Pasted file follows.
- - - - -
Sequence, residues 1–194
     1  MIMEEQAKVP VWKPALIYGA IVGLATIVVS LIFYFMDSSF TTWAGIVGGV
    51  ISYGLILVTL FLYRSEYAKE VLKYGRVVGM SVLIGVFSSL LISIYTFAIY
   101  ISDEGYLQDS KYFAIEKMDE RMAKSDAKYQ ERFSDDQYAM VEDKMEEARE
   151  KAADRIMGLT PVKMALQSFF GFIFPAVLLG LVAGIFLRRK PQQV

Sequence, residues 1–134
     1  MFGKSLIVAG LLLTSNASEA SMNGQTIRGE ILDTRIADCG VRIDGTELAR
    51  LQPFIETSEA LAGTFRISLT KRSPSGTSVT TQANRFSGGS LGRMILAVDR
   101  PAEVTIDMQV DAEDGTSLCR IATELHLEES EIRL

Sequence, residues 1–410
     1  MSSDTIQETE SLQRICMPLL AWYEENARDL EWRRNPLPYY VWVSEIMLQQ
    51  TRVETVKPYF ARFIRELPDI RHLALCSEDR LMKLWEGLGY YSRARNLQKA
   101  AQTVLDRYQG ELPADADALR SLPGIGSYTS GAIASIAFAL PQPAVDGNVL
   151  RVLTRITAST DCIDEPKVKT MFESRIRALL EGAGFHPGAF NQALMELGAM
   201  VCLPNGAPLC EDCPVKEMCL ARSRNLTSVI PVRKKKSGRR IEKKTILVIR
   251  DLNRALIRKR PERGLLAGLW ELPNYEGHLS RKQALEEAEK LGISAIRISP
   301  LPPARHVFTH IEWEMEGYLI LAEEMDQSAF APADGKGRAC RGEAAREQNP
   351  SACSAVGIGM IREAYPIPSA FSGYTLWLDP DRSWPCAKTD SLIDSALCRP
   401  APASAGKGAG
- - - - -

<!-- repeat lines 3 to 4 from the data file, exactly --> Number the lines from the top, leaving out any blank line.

    51  ISYGLILVTL FLYRSEYAKE VLKYGRVVGM SVLIGVFSSL LISIYTFAIY
   101  ISDEGYLQDS KYFAIEKMDE RMAKSDAKYQ ERFSDDQYAM VEDKMEEARE